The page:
All the Mystery Surrounding St Peter's Tomb

Author: Bruno Bartoloni

All the Mystery Surrounding St Peter's Tomb

Bruno Bartoloni

Book recounts the story of dozens of public and private events in the shadow of the dome

The following is a translation from Italian of excerpts from "Le orecchie del Vaticano", now on sale (Florence, Mauro Pagliai Editore, 2012, 252 pages, €18).

Because of a unique circumstance, in the dark years of the Second World War as the graves of soldiers, civilians, Jews, gypsies, homosexuals were increasing by the million, the excavations were resumed on the site where St Peter, another Jew who converted, was buried after suffering martyrdom. He was crucified upside down 19 centuries ago while Nero was on holiday in Greece.

The unusual circumstance which prompted the research was in fact a death: the death of Pius XI on 10 February 1939. Prior to that fateful year which marked the outbreak of the Second World War, some had gone to investigate with little or no results beneath the basilica. No Pope had ever permitted an exhaustive study, partly because a 1,000-year-old curse attested by secret and apocalyptic documents, threatened anyone who disturbed the peace of Peter's tomb with the worst possible misfortune.

A tomb had come to light at the beginning of the 16th century, while the foundations were being laid for the four twisted columns of the Confessio by Gian Lorenzo Bernini. In this tomb,among other things, a wonderful bronze statue had been found, which Cardinal Maffeo Barberini had removed and put on view in his Palace on Via Quattro Fontane in the heart of Rome.

A certain Flavius Agricola, a bon vivant of the noble Flavian family, had had verses engraved on his sarcophagus in the family tomb inviting libations and love. The prelates of the time, shocked and horrified, at least according to their words, immediately had the marble slab removed and buried the whole thing.

In brief, every now and then some one stuck his nose in but always hastily and as an amateur. The first person to seek in a more serious manner in the mid-19th century was Giovan Battista de Rossi, the pioneer of Christian archaeology. He was the brilliant researcher who discovered the Catacombs of St Callistus. When Pius IX asked him whether he had found the tomb of Peter, he answered: "They are all dreams, Holy Father, all dreams!".

The Testament of Pius XI thus proved necessary. He had asked to be buried in the Vatican Grottos in an area he had pointed out to the German Canon Ludwig Kaas, Secretary of the Venerable Fabric of St Peter, the institution that has always presided over the never-ending and never completed work on the Basilica. In Rome there is a saying to describe a never-completed undertaking: "like the Fabric of St Peter".

With the first strokes of their pick-axes the sampietrini, the workmen of St Peter's Basilica, realized that they were demolishing a fake wall. It was at that moment that the history of Peter's tomb was born and the search for it coincided with the most dramatic years of the 20th century. It was a long and controversial history which my father followed from its birth, bequeathing to me the task of seeing it through, investigating new episodes.

In May 1942 Pius XII announced that in the process of excavating beneath the Vatican Basilica a monu-
ment had been uncovered that might possibly be identified with St Peter's tomb. Pope Pacelli then solemnly confirmed this in 1950, on the occasion of the Holy Year.

In spite of the war the 1942 announcement sparked many polemics, especially among Protestant historians. With the Frenchman Charles Guignebert, their most categorical colleague, they held that St Peter's martyrdom in Rome was a legendary event and that in his Letter to the Romans St Paul himself had never ever mentioned Peter's presence in the Empire's capital.

The excavations that lasted 10 years put an end to any doubt. It had been a difficult and delicate task for, to avoid the very real risk of causing the Basilica to collapse, it was also necessary to inject reinforced concrete beneath the pillars that bore its weight. The Renaissance architects had planted them on beaten earth but at an insufficient depth. Beneath one of the four pillars, the one that corresponds with the Loggia of Veronica, in those months of 1942 at least 4,000 bricks were laid. According to calculations made in Benedict XIV's Pontificate by the Slav Jesuit Boscovich and the French Franciscans, Leleur and Jacquier, St Peter's dome weighs 208,837 kg. and 460 gm. A crack that appeared at the end of 1636 gave rise to fear for its stability.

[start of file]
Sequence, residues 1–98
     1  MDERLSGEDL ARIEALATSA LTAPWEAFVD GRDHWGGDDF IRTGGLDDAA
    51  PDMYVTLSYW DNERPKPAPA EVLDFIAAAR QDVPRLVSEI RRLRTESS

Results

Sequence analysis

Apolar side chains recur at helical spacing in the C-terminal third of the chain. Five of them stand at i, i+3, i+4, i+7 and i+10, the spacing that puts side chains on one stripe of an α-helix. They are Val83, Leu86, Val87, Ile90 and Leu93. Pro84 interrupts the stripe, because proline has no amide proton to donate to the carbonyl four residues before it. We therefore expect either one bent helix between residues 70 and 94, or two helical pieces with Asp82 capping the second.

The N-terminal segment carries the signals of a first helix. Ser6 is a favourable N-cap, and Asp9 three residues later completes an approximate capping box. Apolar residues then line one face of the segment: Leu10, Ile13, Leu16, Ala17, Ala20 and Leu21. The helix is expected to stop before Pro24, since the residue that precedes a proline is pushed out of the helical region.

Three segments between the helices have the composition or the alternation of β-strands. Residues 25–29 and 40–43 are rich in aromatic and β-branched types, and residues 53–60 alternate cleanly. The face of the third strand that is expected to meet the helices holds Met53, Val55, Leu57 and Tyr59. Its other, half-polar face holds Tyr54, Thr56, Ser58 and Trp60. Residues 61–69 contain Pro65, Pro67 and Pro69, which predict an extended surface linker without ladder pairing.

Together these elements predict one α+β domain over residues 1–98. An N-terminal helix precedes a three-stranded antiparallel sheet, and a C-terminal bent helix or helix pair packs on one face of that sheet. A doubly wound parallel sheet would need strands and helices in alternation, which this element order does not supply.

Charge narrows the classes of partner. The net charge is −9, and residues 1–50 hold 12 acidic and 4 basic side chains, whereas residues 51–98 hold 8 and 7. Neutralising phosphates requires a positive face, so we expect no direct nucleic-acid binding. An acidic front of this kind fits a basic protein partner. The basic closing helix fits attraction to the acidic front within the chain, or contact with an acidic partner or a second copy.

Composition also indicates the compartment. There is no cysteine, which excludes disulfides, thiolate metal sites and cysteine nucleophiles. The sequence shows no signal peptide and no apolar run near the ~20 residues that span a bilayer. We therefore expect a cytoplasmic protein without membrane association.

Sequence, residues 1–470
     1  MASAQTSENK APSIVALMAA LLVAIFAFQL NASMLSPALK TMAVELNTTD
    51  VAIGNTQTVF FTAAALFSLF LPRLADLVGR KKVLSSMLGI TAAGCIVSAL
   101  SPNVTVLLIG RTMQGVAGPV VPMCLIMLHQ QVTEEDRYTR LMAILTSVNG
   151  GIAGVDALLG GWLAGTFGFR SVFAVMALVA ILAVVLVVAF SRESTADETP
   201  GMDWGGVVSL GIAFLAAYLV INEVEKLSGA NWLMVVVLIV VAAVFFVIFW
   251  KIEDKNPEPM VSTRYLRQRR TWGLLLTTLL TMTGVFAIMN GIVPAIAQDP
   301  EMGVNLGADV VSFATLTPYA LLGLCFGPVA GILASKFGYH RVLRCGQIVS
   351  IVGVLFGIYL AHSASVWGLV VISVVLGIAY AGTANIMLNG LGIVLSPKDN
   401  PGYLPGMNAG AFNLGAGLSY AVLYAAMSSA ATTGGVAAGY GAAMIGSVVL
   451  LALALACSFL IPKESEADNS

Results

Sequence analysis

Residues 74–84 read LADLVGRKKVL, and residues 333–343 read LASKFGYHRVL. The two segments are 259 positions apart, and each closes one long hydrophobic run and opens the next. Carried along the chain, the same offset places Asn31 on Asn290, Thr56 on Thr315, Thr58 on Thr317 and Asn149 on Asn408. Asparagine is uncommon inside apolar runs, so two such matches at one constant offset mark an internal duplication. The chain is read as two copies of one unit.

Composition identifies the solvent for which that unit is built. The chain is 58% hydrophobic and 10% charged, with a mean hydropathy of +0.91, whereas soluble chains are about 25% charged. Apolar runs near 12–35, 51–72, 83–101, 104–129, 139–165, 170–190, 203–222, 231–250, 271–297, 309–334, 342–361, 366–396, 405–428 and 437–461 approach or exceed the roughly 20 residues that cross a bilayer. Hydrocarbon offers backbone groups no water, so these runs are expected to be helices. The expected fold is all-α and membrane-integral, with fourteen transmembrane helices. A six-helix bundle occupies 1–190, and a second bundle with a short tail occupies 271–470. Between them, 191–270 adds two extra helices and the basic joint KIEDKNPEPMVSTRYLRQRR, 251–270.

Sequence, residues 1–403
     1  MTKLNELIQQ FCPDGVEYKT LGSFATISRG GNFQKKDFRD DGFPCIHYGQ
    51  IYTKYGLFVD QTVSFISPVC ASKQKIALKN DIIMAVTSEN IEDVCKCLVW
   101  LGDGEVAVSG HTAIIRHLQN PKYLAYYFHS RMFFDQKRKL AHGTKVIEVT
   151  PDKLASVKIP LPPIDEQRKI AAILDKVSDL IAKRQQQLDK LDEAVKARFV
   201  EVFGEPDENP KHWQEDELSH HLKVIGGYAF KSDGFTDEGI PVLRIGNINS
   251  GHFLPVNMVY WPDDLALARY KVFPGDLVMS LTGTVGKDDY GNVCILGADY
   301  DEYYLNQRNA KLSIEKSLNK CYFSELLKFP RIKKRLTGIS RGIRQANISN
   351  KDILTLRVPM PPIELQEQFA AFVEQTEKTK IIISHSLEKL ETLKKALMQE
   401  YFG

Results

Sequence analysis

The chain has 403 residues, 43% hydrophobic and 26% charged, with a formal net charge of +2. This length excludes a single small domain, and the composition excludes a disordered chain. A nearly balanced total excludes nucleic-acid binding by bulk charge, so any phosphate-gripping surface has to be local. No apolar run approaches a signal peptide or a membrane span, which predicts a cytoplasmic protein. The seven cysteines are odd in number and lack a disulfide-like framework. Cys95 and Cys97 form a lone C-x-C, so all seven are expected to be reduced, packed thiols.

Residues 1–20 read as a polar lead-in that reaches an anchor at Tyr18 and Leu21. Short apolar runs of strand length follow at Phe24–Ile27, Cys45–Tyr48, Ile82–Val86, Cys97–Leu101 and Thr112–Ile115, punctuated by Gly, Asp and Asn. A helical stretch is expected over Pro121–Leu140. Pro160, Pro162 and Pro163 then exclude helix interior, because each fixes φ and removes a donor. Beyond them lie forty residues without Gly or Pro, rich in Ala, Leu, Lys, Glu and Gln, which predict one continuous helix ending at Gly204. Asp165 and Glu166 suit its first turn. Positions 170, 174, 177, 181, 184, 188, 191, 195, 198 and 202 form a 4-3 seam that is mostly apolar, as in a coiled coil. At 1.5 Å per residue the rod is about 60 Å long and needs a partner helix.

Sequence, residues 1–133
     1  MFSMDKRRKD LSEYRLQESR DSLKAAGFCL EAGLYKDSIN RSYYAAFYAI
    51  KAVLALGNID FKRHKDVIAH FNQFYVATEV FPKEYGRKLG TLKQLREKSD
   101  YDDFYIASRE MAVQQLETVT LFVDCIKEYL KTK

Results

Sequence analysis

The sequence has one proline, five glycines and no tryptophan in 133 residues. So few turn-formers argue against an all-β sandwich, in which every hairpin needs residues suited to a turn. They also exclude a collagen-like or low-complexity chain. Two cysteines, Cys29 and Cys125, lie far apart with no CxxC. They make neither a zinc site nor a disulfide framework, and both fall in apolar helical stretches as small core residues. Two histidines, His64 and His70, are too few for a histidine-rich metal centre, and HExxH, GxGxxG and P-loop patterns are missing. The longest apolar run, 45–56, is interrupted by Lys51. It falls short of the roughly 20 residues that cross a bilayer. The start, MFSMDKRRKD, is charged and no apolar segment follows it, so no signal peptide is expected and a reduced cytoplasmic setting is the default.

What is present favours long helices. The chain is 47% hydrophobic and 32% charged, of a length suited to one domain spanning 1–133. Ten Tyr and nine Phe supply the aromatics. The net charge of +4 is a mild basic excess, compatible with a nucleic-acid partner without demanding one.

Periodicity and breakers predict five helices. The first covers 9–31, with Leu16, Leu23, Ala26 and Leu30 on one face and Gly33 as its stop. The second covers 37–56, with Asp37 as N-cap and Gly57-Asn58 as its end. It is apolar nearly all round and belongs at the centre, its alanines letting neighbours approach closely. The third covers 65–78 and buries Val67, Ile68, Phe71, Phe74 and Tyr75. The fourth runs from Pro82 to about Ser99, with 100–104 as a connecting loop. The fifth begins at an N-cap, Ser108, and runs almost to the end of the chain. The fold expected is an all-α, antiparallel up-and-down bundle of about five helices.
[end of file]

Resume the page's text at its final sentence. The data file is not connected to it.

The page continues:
For 10 years, Canon. Kaas, Fr Engelbert Kirschbaum, a German Jesuit, and his Italian confrère, Antonio Ferrua, together with a group of engineers and sampietrini, dug down centimetre by centimetre, to a depth of 10 metres, their feet in water.

Little by little they uncovered the remains of a vast necropolis, resting on Nero's Circus. They discovered on the door post at the entrance to a burial vault the marble testament of a certain Popilius Heracles who imposed on his heirs an obligation to build a monument to him in the Vatican ad Circum. There were plenty of dramatic moments. In 1949, when almost all the mystery surrounding the first Apostle's tomb had been clarified, a real river of water and mud, 80 centimetres deep, threatened to submerge all the excavations, calling to mind the 1,000-year-old curse supposed to strike anyone who profaned it.

Those responsible for the damage were immediately traced. A year earlier, with a view to the Holy Year of 1950, work had begun on the construction of an enormous building to house the headquarters of Italian Catholic Action on Via della Conciliazione, the broad avenue which leads from Castel Sant'Angelo to St Peter's Square, and which — let us not forget — was completed after the "spina del Borgo" had been pulled down precisely for that Holy Year. While digging in order to lay the foundations, the engineers came
across a real pond. Moreover, all the borghigani (inhabitants of the Borgo), knew well that a subterranean river flowed beneath their cellars. Instead of deviating the water to the Tiber, a few dozen metres away, they blocked its course with tons of sand causing the re-flux to flow towards St Peter's.

The Vatican archaeologists sounded the alarm with a report that is still under secrecy today but that my father managed to hear about. The report was sent to Pius XII by Enrico Josi, an archaeologist working with Kaas and Kirschbaum. Pope Pacelli addressed the Italian authorities privately and, acting with great discretion, they organized a new system to channel the water from the area.

In the end it was possible to save the famous Trophaeum Gaii or Trophy of Gaius [Caius], the priest who in the year 200 had written in a letter to a certain Proclus that he could show him the "trophies" namely, the triumphal tombs where Peter and Paul had been buried in the Vatican and in Rome, on the Ostian Way, on the site of the present-day Basilica of St Paul's (ego autem Apostolorum tropaea possum ostendere...).
Thus Pius XII announced the discovery, confirming the historical certainty that the remains of the Trophy of Gaius had been found.